Quantumbot, Botnets and the NSA
Last week we learned from the Snowden Files that the NSA has a program known as Quantumbot; part of a larger project called Turbine. The purpose of Quantumbot is to take over idle, presumably criminal, botnets.
Now, when the security industry, usually in conjunction with law enforcement, ‘takes down’ (better described as ‘disrupts’) a criminal botnet, what it means is that it takes control of the botnet’s command and control servers. The infected computers, or bots, remain infected. By taking control of the C&C servers, the NSA in theory gains an immediate backdoor into all of the infected computers via the botnet’s established communication channels. With that backdoor, it can do what it wants – leave things as they are or upload its own stealth spyware and remove the original infection.
The document that Snowden has leaked describes Quantumbot as, ‘Highly Successful (over 140,000 bots co-opted).’ Thing is, even for 2007 (the date mentioned in the document in question), 140,000 represents a very small botnet. So, is Quantumbot not as successful as implied by the author? Has the project only just started? Or is something else going on?
We can assume that the project was in its early days. If it was successful, we can further assume that the NSA now has a backdoor into many more PCs. So our first task must be to look at the feasibility of the process. I spoke to Fraser Howard, security researcher at Sophos.
First I simply asked if it would be possible for the NSA to take over a taken down botnet. “In a regular (that is, non-P2P) callhome model, if ownership of the C&C is taken, then in theory full control of the botnet may be achievable,” he said. “If there is full knowledge of the ‘communication channel’ (the protocol being used, the relevant commands, etc), then the new ‘owner’ will be able to match the capabilities of the original criminal in charge of the botnet.”
So, yes, the botnet could initially be taken over on an as-is basis. There are riders of course. “The more sophisticated the communication channel, the trickier it could be to gain control – but ultimately, once the threat is fully reversed, and the communication is understood, it is achievable.”
The next question, then, is if a taken-down botnet comes back to life (now controlled by the NSA), would not the same security industry that discovered, monitored and eventually helped to take down the original botnet see it and know something is going on? In other words, If the NSA took over a botnet, would not the anti-virus companies be aware of it?
That depends, says Howard, on what the new owner does with the botnet: change the C&C server, change the malware installed, change the communications protocol and commands… “When you talk about the security industry noticing the botnet,” he explains, “you are essentially talking about the industry seeing some combination of malware activity on infected endpoints, and network traffic associated with the communication channels. If the new owners choose to use the same malware, without any changes to the communication channel and C&C address, then there may not be much visible change. Probably just a difference in how the botnet might be being used (and how visible that would be from inspection of the callhome traffic is questionable).”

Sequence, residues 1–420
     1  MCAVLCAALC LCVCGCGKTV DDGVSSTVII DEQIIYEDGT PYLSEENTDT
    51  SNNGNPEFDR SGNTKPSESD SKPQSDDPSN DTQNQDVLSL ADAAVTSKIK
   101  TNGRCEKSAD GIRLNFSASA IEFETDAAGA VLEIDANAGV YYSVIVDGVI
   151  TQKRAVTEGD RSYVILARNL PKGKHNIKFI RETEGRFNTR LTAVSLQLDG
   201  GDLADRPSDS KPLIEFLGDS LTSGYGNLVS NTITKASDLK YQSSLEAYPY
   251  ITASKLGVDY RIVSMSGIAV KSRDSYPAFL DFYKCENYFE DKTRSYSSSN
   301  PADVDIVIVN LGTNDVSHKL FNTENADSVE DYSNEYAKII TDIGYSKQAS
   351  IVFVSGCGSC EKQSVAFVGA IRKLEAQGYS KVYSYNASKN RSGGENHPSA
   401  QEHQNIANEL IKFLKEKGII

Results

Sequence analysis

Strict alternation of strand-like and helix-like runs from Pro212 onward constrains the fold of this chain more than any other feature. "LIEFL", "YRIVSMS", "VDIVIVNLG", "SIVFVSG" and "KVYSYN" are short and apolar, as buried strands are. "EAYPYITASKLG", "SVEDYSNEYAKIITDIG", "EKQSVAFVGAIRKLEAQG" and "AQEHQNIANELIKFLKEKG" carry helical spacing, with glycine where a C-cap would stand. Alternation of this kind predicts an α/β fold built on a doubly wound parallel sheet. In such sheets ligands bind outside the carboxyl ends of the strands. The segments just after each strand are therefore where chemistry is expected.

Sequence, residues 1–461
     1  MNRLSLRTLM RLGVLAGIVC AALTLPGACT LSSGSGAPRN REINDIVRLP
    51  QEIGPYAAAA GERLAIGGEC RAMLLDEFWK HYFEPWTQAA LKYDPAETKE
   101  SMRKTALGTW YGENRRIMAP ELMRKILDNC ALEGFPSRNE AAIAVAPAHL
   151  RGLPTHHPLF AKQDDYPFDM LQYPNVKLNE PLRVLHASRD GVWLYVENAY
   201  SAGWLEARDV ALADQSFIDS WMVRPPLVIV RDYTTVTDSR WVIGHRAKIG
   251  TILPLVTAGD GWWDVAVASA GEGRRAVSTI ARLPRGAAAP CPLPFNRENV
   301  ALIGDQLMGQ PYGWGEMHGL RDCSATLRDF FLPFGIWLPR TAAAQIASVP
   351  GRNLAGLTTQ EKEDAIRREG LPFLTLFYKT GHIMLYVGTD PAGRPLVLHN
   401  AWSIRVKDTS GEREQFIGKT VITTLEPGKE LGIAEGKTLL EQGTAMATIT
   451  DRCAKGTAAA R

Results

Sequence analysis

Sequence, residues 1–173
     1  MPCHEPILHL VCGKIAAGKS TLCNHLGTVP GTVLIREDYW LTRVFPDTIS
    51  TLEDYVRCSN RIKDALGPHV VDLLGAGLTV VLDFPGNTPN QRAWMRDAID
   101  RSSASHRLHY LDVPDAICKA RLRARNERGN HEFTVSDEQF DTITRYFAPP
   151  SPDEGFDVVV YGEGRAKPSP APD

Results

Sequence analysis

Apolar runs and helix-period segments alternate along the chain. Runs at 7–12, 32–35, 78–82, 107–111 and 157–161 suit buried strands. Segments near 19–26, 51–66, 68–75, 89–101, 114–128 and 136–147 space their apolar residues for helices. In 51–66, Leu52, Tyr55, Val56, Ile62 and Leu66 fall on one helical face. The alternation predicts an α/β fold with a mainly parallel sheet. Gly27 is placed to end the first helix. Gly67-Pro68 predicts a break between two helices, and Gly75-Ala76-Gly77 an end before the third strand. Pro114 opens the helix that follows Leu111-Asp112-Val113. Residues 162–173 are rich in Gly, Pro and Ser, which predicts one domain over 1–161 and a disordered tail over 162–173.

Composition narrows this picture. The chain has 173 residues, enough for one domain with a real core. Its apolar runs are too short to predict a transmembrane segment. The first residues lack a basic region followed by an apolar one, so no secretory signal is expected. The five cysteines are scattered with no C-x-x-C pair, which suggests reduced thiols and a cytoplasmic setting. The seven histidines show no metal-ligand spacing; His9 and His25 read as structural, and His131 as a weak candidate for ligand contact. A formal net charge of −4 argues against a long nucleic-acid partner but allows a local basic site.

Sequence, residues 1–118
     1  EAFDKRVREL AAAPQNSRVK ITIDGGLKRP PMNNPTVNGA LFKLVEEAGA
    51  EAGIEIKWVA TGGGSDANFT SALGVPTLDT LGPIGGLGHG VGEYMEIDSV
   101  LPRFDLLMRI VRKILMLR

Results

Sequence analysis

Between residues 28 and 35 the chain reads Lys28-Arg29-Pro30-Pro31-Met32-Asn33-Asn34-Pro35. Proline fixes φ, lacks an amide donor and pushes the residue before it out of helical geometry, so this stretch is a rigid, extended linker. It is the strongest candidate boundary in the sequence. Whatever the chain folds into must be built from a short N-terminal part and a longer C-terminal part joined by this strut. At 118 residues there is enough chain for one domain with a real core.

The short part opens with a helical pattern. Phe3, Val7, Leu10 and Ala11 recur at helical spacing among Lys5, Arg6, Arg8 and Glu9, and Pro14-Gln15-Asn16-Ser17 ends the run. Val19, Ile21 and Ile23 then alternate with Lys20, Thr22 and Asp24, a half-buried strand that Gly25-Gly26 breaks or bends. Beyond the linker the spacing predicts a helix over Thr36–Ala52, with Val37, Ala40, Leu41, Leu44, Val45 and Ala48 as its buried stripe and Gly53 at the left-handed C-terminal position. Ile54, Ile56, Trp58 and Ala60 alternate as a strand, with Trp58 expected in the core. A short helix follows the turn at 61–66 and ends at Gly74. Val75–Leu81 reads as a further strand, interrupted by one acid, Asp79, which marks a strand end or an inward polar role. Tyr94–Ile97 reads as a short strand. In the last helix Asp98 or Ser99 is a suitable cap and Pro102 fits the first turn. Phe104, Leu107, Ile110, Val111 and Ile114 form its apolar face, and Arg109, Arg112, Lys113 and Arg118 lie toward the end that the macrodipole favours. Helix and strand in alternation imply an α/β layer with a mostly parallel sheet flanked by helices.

We can assume, then, that the NSA is perfectly capable of co-opting idle botnets and hiding the process from general view. We know from other Snowden files that its TAO (Tailored Access Operations) group has access to an armoury of sophisticated malware. If criminal gangs can hide their presence on an infected network for months and even years, then we should assume that the NSA/TAO is capable of hiding its presence almost indefinitely.
And that leaves us with the relatively small number of ‘140,000 bots co-opted’. The reality, however, is that this could represent a ‘post-minimization’ figure. I believe we can assume that the NSA tries to avoid straightforward lies; although it clearly tries to disguise the truth. It repeatedly stresses that it does not spy on Americans unless they are a legitimate target; and that if any innocent Americans are caught up in its programs, it ‘minimizes’ any data held. I believe this to be true, although it probably doesn’t minimize as many as it implies. Add to that the political, constitutional, and legal problems that would arise if it is discovered that the NSA has installed or controls malware on the computers of innocent Americans, and it would be a risk too far.
It is probably a fair assumption that one way or another US bots are excluded from this figure. That means that by 2007, the NSA had control of 140,000 foreign computers – and that begins to look a bit more ‘highly successful’. If the program was maintained, there could by now be untold millions of non-US computers backdoored by the NSA through co-opting idle botnets – and that, if you are not an American, is more than a bit worrying.
As a postscript, when the Dutch police used the Bredo botnet C&C servers to distribute a warning message to the infected PCs, I was generally – shall we say – concerned. See here: Dutch Police infect users with trojan – legal or illegal; good thing or bad thing? for details. However, if the NSA really is co-opting criminal botnets for its own surveillance purposes, then maybe I should revisit my opinion; and hope that European law enforcement agencies can help victims cleanse their PCs before the NSA arrives. Assuming, of course, that the law enforcement agencies aren’t already working hand-in-hand with the NSA…